How do groups of people fashion shared identities in the modern world? Following two communities of German-speaking Mennonites, one composed of voluntary migrants and the other of refugees, across four continents between 1870 and 1945, this transnational study explores how religious migrants engaged with the phenomenon of nationalism. John P. R. Eicher demonstrates how migrant groups harnessed the global spread of nationalism to secure practical objectives and create local mythologies, revealing how governments and aid organizations used diasporic groups for their own purposes - and portraying such nomads as enemies or heroes in national and religious mythologies. By underscoring the importance of local and religious counter-stories that run in parallel to nationalist narratives, Exiled Among Nations helps us interpret acts of resistance, flight, and diaspora in the modern world.
|Publisher:||Cambridge University Press|
|Series:||Publications of the German Historical Institute Series|
|Product dimensions:||6.22(w) x 9.25(h) x 0.83(d)|
About the Author
John P. R. Eicher is Assistant Professor of History at Pennsylvania State University, where his research focuses on Europe's global connections including borderlands, colonialism, nationalism, migration and religion. His work has been supported by numerous organizations including the German Historical Institute, the Freie Universität Berlin and the German Academic Exchange Service (DAAD), and has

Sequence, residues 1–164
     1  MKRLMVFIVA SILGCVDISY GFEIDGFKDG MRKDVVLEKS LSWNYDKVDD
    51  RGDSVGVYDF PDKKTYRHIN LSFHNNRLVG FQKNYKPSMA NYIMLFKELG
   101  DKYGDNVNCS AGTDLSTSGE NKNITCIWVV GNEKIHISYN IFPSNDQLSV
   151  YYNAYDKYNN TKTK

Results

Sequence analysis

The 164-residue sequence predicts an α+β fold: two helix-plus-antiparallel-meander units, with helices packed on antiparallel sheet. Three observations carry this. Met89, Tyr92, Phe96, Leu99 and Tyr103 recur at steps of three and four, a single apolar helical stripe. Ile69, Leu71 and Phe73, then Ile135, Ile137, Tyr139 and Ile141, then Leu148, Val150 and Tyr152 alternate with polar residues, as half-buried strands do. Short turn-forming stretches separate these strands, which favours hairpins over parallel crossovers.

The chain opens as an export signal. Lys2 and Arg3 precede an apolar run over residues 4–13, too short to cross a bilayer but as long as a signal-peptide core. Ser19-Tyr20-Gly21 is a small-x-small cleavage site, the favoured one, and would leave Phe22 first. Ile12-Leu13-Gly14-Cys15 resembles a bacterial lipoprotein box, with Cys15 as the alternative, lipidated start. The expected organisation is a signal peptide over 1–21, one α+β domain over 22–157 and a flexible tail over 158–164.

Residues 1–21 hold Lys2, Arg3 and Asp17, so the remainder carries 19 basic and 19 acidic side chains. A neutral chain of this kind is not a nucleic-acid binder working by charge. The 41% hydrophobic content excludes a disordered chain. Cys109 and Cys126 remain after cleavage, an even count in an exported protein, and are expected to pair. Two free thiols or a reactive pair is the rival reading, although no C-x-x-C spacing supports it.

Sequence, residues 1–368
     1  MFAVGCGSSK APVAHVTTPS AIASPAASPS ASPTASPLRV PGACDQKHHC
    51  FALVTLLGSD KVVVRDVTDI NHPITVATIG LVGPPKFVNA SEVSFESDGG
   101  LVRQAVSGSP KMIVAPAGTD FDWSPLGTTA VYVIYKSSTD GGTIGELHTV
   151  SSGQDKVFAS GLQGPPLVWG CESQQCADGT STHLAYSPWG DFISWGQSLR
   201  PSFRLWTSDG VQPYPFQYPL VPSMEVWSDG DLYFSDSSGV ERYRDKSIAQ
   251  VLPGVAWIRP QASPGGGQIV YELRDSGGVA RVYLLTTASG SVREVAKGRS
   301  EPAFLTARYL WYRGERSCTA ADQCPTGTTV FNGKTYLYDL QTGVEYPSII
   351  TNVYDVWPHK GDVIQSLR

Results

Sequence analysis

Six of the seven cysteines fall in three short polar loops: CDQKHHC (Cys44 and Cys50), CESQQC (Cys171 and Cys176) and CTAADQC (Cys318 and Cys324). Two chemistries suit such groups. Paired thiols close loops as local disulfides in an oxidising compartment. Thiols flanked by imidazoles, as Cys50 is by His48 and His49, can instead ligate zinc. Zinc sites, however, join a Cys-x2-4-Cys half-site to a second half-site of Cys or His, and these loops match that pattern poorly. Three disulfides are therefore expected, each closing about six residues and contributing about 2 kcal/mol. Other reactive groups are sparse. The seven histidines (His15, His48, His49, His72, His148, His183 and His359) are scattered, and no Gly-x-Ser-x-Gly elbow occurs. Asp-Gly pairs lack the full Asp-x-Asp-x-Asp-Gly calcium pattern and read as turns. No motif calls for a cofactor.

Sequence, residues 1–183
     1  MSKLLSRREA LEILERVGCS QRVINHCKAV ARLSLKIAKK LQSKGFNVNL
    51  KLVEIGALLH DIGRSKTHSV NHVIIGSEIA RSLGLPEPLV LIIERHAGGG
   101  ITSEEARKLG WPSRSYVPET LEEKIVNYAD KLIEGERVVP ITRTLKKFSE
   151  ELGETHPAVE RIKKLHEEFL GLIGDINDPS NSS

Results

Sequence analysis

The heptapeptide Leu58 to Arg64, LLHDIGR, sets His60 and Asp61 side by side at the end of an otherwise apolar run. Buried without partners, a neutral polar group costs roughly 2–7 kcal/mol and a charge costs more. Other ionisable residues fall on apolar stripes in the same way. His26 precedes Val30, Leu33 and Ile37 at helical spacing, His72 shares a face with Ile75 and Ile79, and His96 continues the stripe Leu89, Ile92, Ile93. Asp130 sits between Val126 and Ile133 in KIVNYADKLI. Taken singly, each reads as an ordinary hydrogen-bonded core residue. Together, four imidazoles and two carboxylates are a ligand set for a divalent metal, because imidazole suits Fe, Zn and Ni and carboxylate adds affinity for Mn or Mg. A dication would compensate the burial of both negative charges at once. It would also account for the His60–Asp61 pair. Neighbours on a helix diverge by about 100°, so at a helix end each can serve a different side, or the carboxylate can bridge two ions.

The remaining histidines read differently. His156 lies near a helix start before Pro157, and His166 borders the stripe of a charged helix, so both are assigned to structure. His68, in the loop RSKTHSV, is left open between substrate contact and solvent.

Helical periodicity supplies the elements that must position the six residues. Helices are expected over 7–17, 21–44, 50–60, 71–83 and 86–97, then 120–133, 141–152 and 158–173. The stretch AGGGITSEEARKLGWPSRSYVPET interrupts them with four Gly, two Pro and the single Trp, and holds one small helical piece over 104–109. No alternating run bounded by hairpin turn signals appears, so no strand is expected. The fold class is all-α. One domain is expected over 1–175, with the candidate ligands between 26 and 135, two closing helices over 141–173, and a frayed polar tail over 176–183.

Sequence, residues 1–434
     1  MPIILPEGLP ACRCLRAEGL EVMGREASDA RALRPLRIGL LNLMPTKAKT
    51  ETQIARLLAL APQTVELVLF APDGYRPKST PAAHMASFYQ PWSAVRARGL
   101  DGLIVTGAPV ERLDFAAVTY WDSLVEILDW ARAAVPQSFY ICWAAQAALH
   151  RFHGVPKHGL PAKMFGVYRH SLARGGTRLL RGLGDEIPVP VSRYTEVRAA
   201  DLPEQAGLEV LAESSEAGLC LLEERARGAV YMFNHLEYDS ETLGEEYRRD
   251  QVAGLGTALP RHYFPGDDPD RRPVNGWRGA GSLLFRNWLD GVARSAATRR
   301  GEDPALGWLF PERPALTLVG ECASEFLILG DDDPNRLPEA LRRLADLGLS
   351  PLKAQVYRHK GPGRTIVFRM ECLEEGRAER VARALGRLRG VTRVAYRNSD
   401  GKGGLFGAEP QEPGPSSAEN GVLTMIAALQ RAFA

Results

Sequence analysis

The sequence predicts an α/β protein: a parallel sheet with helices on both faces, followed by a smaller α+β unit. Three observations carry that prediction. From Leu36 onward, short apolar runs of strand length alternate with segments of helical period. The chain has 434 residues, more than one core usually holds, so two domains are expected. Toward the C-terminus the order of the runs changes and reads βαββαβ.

won awards from the University of Iowa and the University of Winnipeg.
Table of Contents
Introduction; 1. No lasting city (1870–1930); 2. A sort of homecoming (1929–1931); 3. Troubled tribes in the promised land (1930–1939); 4. Mennonite (di)visions (1930–1939); 5. Peanuts for the Führer (1933–1939); 6. Centrifugal fantasies, centripetal realities (1939–1945); Conclusion.